After checking out and stashing our luggage, we…as we do…wandered. Food was consumed – churros (excellent and fresh – there was always a line at the place around the corner), street tacos, the famous local cemita sandwich and street quesadillas and probably some ice cream. We shopped, not only for souvenirs – including candy at Puebla’s famed Street of Sweets –  but for clothes and shoes (as I was told, everything was open) as well. As I’ve said, the cost of living here is so low, it’s crazy how inexpensive even good shoes are.

 

Behind the Cathedral is the “House of Culture” which houses, among other spaces and institutions, the oldest public library in North America, the Palafaxiona Library.

When, in 1646 the bishop of Puebla, Juan de Palafox y Mendoza, donated a rich and select personal library of 5,000 volumes to the Tridentine College, he thought of the formation of the clergy, but also of the society of the city of Puebla. He therefore established, also, that anyone who could read was to be allowed inside this magnificent library. As a seminary library, it was also a library with a broad range for reading, one not limited to knowledge about God and his church, but to the study of all that might occur to the pen of man, and in order that man might have strong arguments to defend the faith.

By 1773, then Bishop of Puebla, Francisco Fabián y Fuero, established the principal nave of the Palafoxiana Library at 43 meters in length such that the population would have access to the collection of Bishop Palafox. The bishop also had two floors of fine shelves built in fine ayacahuite, coloyote and cedar.

The collection increased with donations from the bishops Manuel Fernández de Santa Cruz and Francisco Pablo Vázquez, and by the inclusion of the library of the Jesuit College. Today, some 45,059 volumes dating from the 15th, 16th, 17th, 18th, 19th centuries coexist with a few from the 20th century.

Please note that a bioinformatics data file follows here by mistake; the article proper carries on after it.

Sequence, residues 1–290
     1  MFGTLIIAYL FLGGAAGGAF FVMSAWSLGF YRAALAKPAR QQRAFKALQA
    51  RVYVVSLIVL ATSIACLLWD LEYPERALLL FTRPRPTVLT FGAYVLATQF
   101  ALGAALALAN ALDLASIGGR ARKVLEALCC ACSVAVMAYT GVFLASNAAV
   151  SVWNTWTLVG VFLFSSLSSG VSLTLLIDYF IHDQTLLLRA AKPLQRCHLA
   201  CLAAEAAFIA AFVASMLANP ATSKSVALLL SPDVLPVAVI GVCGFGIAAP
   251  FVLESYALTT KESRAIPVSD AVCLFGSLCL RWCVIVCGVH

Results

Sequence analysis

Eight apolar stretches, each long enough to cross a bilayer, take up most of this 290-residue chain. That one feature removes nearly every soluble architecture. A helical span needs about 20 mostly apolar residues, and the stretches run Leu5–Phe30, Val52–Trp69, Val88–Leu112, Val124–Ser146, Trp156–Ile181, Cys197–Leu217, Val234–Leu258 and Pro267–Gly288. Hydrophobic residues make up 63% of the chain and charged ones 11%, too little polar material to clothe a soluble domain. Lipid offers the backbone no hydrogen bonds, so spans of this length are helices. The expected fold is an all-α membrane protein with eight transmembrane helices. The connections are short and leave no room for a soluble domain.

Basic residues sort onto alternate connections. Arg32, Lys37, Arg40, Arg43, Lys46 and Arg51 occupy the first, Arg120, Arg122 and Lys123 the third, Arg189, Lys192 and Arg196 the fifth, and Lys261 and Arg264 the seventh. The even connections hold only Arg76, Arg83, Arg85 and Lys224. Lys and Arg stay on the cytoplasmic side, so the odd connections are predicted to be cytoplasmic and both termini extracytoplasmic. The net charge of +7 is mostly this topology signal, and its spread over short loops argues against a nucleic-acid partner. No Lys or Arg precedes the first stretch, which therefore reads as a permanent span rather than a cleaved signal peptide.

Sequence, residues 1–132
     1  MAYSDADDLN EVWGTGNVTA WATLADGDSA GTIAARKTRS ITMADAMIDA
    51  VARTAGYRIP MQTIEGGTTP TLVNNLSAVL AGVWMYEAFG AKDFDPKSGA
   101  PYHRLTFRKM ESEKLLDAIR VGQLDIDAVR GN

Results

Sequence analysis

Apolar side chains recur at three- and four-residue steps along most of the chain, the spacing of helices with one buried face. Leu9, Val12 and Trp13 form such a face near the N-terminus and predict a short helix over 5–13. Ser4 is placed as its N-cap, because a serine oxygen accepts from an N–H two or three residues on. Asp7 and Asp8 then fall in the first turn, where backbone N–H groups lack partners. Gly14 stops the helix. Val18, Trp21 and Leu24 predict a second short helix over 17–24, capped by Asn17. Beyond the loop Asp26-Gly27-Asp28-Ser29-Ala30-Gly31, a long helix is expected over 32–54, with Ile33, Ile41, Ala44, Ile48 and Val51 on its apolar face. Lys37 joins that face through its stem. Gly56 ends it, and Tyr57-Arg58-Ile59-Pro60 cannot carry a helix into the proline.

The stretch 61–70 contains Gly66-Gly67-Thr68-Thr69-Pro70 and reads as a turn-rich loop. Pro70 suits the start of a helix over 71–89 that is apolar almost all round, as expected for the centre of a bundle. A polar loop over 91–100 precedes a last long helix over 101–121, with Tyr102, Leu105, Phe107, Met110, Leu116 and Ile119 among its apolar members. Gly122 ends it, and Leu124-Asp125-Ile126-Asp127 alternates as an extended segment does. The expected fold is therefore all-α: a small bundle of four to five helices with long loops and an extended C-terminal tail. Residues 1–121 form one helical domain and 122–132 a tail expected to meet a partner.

Those darn obscurantist Catholics, up to their repressive tricks once more!

 I had determined it was open, so it seemed like a visit would be a quick, painless dip into culture – but wait – there’s more!

As we climbed the steps on our way to what we thought was the museum, we encountered an exhibit – an exhibit of devotional statues that had, at one time or another, been on display in the Cathedral. (Don’t worry – it hasn’t been wreckovated – there is plenty of art still there in every nook and cranny. It’s just that over five centuries, you collect a lot.) It was free admission, so we walked through and took some time with the emotionally expressive, finely wrought work. I was especially intrigued with the back of this Christ the King – that hair……

We were on our way to the library when we heard music, and discovered, down in the courtyard a floor below us, a dance performance happening in front of a large, appreciative crowd. Video is on this Instagram post.

On to the library, which involved a slow walk through – probably quite boring for some, but absorbing for me. Libraries are that way in general, but to be surrounded by centuries of exploring, meditation, research, creativity and pondering, hand-written, laboriously printed, carefully preserved – is humbling.

And so….quick version of the rest of the day:

Retrieved luggage. Got an Uber to the bus station. Arrived at bus station (different from our arrival station – this is the one for the airport buses) – tickets available on a bus in 45 minutes, purchased tickets, sat and waited.

Even though the station was busy, the experience was less confusing – there were fewer IMG_20180401_163516.jpgbuses leaving, so it was clearer which was ours. As we did before, we checked our luggage, went through security and then boarded – getting our promised first class snack – A WATER AND A MUFFIN – this time. Although this time, the movie screen wasn’t working – the bus driver even stopped the bus about fifteen minutes out, came back, took out a panel from the ceiling, fiddled around, squinted at the screen, shrugged, returned to the front and kept on driving – screen dark, but we did have wi-fi.

The bus dropped us off at Terminal 1, the originating terminal for most international flights (Inter-Mexico flights as well as Delta fly from Terminal 2) and the location of our hotel. I am so glad we stayed at the airport. Our flight was at 7 am, and I can’t imagine how more miserable we’d have been if we’d stayed any distance away. We ate dinner at the hotel restaurant, which was unnecessary, as we discovered afterwards when we walked to see how far we’d have to go in the morning – we could have just turned a couple of corners and eaten our choice of fast food at a third of the price (this was most expensive meal we had in Mexico…)…ah, well!

Departure was painless. I was glad we flew Southwest – the departure lines in the morning were non-existent there while the other airline counters were crowded, even at 6 am. Hobby Airport in Houston has an almost completely automated immigration system – US citizens didn’t even have to fill out customs forms – and the re-entry experience was a breeze. Back on the ground in Alabama by 12:30, in the Chick-Fil-A drive through by 1.

Success!

Come back in the next couple of days for a summary post and Deep Thoughts. 

IMG_20180402_073912.jpg